“CREATE LOGIN [$UserName] FROM WINDOWS”   You would have something such as this:

 “CREATE LOGIN [$_.UserName] FROM WINDOWS”   Next, I built three SQL statements and saved them to a file for each row in $a. I created a login, granted database access, and added the user to a role. All I have to do now is run the scripts against the database. The commands to run the three SQL scripts are shown here.

Invoke-sqlcmd -ServerInstance localhost -Database “MyDB” -InputFile “C:Logins.sql”; 

Invoke-sqlcmd -ServerInstance localhost -Database “MyDB” -InputFile “C:DBAccess.sql”; 

Invoke-sqlcmd -ServerInstance localhost -Database “MyDB” -InputFile “C:AddDBRole.sql”;    Again, notice how we are building on skills we learned in the last post. This is the point. Although learning new stuff is cool, you do not want to have to learn something new every time that you sit down to do a task. I want to talk for a minute about using files instead of just running the scripts against the server, which we could have easily done. Putting the code into files first is really a good idea for several reasons. I already mentioned a couple, but even getting away from compliance or running them on different boxes, you have more control. Here is a list of things that you could do with the text file method (not exhaustive):

  1. Add USE Database statements.
  2. Add IF EXISTS logic.
  3. Create header comments to document the script.
  4. Pass the script on to another team to do something with.
  5. Troubleshoot an error because you have the script to run again.
  6. Use the script as a template so that you can do additional manipulation if you have to.

  I really like numbers 4 and 5.  I am a big fan of code that writes code for both of those reasons. Very frequently I’ll write a Windows PowerShell script that does nothing but produce a .sql file for me so I can then run it myself so in case anything happens I’m looking at it now and can easily jump to the trouble spot. Sometimes working with Windows PowerShell in SQL Server is not about having it do everything for you. Sometimes it is about using it to get you most of the way there and then finishing up manually. It is nothing to create a user on a server and add him to a database.  We do that all the time. However, adding 200 users can be a bit of a chore. Therefore, you can use Windows PowerShell to create the scripts for you and then run them yourself. It is not Las Vegas; what is in Windows PowerShell does not have to stay in Windows PowerShell. Here is a quick note on situations where this skill can be useful. I have already covered the easy one where you are setting up a new application and loading all the users at the same time. That is definitely a good one, but it is not very common. What is more common however is that you have to create a disaster recovery (DR) plan for all the boxes in your environment. Very frequently, when you create DR plans one of the requirements is to be able to build a server from scratch and that includes permissions. So being able to run a script against a server and have it script your logins and database permissions is very handy. You can even schedule it as a job and have it run every day/week/month to keep your DR scripts current. In addition, whereas the specifics of this script will change somewhat, the theory stays the same. This kind of script can also be useful when you are building a development (dev) or a quality assurance (QA) server and you have to have things to mirror the production environment. With some minor modifications, you could have this script point at the production server, read the login information out of the system table, build the script and run it. Moreover, this is the kind of thing that you can keep generic enough that you can do it from any source server to any target server and you never have to worry about whether it is right or not-after all, it is always the same script.   Well, this concludes SQL guest blogger week. Thanks Sean for today’s post. Join me tomorrow for the Weekend Scripter as I delve into the mysteries of a Windows PowerShell ISE module. I would love you to follow me on Twitter or Facebook. If you have any questions, send email to me at or post them on the Official Scripting Guys Forum. See you tomorrow. Until then, peace.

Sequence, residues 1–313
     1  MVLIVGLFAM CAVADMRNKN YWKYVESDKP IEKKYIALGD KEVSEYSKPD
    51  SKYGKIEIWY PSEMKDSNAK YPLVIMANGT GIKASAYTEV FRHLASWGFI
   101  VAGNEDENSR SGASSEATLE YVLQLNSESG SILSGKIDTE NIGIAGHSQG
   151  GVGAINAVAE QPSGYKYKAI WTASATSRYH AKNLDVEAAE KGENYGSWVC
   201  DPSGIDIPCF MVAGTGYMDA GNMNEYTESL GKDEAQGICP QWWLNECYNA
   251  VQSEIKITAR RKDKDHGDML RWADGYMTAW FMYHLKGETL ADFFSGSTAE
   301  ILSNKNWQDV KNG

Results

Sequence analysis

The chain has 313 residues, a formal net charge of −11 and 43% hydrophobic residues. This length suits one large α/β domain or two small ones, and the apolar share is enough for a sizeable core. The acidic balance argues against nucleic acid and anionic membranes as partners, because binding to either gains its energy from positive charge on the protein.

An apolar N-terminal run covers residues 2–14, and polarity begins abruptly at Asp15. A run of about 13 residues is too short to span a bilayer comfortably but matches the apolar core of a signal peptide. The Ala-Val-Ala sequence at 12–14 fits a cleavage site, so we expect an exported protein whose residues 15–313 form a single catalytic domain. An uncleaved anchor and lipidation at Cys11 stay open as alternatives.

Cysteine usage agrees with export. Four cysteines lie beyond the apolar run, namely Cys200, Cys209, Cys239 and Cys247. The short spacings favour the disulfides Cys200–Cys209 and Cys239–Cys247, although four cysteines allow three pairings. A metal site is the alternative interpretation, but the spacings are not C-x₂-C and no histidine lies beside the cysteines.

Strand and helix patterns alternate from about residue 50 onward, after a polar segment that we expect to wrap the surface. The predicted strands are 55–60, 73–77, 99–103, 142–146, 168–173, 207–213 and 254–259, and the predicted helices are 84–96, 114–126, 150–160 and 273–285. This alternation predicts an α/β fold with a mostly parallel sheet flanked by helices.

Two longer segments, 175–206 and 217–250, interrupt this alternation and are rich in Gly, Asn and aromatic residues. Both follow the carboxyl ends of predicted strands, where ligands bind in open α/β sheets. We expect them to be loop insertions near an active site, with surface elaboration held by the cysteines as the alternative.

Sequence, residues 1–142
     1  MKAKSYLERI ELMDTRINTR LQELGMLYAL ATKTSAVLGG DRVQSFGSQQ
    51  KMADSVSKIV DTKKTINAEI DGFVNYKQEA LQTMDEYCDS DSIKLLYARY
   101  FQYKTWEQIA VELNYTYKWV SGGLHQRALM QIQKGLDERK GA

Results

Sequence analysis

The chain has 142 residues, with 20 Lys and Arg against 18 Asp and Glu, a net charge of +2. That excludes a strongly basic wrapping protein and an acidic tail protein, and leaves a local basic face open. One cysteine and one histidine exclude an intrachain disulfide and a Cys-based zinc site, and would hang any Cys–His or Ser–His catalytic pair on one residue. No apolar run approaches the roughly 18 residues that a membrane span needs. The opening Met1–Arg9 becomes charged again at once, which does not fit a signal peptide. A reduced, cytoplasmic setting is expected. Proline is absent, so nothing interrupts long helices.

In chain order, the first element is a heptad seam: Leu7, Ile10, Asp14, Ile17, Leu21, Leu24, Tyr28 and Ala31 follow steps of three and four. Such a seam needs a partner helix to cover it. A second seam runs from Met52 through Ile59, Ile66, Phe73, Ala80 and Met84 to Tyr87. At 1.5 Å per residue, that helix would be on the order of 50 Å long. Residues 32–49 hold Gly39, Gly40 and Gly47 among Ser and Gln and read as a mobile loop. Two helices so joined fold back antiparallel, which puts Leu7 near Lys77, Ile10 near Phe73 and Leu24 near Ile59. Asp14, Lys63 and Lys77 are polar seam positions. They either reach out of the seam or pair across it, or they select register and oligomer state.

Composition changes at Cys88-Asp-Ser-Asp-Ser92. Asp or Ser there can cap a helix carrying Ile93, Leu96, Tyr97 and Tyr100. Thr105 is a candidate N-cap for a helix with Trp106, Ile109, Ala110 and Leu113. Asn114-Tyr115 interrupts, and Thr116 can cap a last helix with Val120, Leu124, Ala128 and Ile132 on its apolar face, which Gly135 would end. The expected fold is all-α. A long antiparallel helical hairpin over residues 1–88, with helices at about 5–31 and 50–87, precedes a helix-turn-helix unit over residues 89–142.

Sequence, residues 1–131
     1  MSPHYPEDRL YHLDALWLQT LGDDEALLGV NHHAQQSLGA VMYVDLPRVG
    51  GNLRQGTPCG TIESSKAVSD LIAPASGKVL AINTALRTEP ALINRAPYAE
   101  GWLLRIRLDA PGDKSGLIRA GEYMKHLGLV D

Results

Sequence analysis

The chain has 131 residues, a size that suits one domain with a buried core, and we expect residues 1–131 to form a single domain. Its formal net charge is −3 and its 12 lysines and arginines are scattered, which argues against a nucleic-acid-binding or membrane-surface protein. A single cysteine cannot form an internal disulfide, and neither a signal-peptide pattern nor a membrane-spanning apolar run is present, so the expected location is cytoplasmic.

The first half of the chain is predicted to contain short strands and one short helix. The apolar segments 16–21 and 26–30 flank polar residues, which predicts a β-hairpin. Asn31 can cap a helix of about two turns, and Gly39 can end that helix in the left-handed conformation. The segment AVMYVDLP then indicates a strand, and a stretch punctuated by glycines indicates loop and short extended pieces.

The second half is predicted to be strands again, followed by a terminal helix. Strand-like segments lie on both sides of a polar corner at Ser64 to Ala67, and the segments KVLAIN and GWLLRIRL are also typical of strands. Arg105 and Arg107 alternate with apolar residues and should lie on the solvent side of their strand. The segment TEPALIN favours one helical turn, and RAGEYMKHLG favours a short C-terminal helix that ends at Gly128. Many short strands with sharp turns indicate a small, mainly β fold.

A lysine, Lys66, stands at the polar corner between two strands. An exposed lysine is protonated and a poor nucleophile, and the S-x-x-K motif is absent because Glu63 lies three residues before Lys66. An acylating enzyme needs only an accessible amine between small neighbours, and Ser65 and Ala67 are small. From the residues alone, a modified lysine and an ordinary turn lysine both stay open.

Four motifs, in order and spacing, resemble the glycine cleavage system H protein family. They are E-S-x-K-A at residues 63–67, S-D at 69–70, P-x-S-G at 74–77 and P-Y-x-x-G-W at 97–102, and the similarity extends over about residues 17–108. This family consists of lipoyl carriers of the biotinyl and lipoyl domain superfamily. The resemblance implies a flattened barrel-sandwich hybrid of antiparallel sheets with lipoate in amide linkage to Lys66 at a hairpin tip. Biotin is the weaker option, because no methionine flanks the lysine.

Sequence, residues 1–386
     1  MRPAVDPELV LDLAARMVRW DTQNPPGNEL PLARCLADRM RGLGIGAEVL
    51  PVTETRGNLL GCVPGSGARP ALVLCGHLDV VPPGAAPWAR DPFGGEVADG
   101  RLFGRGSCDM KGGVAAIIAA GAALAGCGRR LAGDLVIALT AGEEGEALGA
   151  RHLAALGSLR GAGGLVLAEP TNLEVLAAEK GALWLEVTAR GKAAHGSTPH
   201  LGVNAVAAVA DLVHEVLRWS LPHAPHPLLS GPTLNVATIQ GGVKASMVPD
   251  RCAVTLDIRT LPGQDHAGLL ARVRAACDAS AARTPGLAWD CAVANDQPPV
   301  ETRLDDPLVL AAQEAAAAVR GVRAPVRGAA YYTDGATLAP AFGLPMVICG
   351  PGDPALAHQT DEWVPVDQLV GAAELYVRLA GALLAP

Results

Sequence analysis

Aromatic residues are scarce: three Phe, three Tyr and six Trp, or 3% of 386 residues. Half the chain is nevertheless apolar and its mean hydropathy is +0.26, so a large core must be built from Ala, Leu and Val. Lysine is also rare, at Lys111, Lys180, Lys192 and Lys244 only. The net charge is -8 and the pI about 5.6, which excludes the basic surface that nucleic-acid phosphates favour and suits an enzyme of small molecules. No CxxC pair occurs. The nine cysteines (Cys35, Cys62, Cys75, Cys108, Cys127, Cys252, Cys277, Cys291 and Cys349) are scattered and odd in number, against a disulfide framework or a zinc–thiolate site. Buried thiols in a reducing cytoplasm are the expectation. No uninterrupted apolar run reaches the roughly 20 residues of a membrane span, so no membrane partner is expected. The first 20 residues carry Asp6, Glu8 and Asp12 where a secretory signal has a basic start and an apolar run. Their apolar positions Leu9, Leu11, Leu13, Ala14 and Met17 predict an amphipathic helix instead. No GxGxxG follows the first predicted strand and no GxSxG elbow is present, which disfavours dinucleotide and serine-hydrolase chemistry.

Ed Wilson, Microsoft Scripting Guy